In order to do that, we’re just going to define another variable. We’re going to call it rateLimitThreshold, and we’re going to set it to 50. Now, 50 isn’t an arbitrary number. We can do some mental math here. We know that every mutation costs 10 query points and I’m doing about three of them at once. That would be 30 points used in the amount of time it takes to do one request. Therefore, 30 is less than 50. Given that the amount of time we’re waiting for requests is roughly about a second, this math should check out. 

Now I expect that sometimes we’ll be off and it’ll approach getting below 50, but that’s when our business logic will protect us. We’ll go over and implement that shortly.

Safeguarding with thresholds

So what is that business logic?

Now we want to take a look to see what’s that value that’s stored in my availableRateLimit variable. After I’ve made those requests, what do I have left? If that’s less than my rateLimitThreshold, the acceptable threshold that we’ve defined for ourselves, then we want to tell our applications, “Wait a second. Hold on. We don’t have room to keep making these requests indefinitely.”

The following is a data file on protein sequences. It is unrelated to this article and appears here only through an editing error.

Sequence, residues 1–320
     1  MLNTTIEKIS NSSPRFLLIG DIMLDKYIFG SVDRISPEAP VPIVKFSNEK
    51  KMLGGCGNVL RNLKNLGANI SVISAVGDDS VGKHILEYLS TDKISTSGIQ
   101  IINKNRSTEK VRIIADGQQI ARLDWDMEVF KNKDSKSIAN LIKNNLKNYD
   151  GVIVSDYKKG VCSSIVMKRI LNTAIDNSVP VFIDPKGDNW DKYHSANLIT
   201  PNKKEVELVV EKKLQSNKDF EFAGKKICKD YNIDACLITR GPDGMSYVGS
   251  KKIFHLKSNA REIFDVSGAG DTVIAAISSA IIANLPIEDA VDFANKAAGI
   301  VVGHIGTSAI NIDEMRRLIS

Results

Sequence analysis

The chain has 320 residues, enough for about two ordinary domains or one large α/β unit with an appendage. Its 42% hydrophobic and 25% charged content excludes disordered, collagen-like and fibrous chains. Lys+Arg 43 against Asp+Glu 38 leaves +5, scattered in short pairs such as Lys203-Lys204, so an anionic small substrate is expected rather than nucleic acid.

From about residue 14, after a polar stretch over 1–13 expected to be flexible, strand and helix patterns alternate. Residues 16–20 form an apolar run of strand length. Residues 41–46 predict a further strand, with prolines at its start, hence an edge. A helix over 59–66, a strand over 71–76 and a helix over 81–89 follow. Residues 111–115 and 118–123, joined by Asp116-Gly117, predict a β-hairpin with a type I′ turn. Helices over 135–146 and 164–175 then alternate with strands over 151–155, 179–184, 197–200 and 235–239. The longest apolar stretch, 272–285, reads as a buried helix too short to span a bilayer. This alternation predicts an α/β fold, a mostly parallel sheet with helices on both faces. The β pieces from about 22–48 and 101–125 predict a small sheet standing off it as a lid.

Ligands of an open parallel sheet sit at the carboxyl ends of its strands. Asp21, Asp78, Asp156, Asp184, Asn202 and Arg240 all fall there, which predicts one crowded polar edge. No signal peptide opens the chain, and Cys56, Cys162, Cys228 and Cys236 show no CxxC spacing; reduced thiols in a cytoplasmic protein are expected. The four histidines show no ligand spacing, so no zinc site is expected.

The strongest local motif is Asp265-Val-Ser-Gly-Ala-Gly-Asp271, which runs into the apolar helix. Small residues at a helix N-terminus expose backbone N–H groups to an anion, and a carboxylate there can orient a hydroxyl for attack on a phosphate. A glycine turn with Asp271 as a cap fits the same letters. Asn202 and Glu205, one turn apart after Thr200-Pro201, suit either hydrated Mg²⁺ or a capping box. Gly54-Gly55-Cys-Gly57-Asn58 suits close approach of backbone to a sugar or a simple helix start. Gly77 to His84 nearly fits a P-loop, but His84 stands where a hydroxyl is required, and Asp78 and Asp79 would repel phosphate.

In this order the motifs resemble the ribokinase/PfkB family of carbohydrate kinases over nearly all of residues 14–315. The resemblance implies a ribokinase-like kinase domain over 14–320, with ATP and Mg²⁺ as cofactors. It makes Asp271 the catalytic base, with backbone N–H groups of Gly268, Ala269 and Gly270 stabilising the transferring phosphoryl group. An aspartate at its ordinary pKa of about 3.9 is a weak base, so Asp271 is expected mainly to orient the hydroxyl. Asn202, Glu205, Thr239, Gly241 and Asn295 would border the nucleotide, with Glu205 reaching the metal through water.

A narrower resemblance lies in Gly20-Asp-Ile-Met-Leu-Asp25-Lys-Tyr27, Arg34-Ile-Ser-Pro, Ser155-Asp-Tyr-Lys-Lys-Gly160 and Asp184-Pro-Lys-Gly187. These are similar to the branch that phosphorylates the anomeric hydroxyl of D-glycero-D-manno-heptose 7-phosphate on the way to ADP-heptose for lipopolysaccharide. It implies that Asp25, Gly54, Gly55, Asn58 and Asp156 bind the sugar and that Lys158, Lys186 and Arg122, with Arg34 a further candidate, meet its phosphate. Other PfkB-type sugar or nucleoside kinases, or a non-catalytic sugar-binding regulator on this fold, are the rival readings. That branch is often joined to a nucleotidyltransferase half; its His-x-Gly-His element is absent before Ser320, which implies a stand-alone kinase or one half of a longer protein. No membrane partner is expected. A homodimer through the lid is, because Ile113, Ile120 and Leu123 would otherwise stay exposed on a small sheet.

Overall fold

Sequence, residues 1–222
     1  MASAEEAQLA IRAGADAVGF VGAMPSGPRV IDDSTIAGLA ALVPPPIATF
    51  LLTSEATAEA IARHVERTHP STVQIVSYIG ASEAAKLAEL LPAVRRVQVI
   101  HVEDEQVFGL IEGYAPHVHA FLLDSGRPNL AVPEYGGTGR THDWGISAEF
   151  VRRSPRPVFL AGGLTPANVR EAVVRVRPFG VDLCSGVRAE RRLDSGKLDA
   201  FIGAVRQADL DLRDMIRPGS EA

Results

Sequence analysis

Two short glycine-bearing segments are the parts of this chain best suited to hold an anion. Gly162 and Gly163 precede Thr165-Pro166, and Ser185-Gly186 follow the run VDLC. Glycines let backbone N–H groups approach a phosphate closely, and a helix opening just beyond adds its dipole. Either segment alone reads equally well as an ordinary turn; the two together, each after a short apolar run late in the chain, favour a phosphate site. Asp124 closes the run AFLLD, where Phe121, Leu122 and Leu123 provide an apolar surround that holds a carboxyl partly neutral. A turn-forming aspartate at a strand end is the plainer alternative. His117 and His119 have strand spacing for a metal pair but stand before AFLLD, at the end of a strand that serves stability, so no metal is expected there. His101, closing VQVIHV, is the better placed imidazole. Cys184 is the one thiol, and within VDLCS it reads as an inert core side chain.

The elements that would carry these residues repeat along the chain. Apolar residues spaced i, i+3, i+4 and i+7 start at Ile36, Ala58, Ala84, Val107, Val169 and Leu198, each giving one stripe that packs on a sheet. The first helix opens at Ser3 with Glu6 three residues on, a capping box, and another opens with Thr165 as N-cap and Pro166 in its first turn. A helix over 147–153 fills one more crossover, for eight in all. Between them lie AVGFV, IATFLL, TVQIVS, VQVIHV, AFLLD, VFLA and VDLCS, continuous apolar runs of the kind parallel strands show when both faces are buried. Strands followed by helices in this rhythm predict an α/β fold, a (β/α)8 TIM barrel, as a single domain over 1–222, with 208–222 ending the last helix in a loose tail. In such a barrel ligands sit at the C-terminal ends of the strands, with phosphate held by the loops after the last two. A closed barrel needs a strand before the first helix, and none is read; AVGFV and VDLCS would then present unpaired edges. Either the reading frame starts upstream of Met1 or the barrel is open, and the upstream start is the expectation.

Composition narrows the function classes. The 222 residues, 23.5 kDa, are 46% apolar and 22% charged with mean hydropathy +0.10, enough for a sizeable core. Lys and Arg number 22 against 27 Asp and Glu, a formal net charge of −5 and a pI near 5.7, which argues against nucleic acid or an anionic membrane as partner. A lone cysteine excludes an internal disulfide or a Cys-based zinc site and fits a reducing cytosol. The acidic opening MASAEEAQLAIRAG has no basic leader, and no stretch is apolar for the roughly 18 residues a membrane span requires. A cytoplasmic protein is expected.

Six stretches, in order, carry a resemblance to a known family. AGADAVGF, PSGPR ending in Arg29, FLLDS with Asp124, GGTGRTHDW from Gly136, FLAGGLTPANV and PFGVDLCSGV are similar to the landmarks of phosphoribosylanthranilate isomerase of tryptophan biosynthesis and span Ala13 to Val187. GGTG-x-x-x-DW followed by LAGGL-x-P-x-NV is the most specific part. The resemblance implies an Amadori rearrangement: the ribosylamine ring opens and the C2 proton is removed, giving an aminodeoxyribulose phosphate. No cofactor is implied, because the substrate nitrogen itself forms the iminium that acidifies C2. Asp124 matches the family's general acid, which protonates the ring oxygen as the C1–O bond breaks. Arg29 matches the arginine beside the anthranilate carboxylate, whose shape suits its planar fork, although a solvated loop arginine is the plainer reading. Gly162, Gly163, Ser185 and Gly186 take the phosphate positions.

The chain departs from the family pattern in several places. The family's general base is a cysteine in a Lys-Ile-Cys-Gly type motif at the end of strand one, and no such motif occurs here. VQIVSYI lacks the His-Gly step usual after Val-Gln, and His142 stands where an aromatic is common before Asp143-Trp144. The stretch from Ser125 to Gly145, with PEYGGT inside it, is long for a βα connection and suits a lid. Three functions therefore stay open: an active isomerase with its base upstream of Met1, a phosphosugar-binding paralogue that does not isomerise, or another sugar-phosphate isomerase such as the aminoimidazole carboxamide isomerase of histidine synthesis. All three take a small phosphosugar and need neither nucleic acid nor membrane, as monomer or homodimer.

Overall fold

“The goal is to build good software, so that we can prevent making any requests that we know are going to hit our rate limit.”

We’re doing this because we want to avoid hitting a bunch of 429s, which might actually make Shopify think we’re a bot. The goal is to build good software, so that we can prevent making any requests that we know are going to hit a 429.

In order to do so we’re going to write in the below clause:

Optimize rate limit: Screenshot of the YouTube tutorial showing a clause that says if the available rate limit is less than the rate limit threshold, Zameer is writing a log to wait.

This is saying that if the availableRateLimit is less than (<) the rateLimitThreshold, we’re writing a log to wait. We want our app to wait. To do that in Node.js, we’re going to implement a new promise, await new Promise. Within this promise, we’ll pass in a resolve parameter, and we’ll define what takes place within the promise. 

In this example, it's going to be a timeout setTimeout. For the timeout, we’ll pass in a function to define what happens once that time out is complete. In this case, we’re going to respond with resolve(‘Rate limit wait’). Then we’re going to insert another log: console.lot(‘Done waiting - continuing requests’).

The last thing you want to provide into your setTimeout (function) is an integer for the timeout length. The quantity is milliseconds, so we’re going to pass in 1,000, which means that we're waiting one second in total.

You might also like: API Rate Limits and working with GraphQL

This is our failsafe to ensure we never hit our rate limit! This conditional is now stating that if we ever have less than the acceptable 50 points available, instead of going through the entire loop again, it’s going to wait one second, and then make those requests.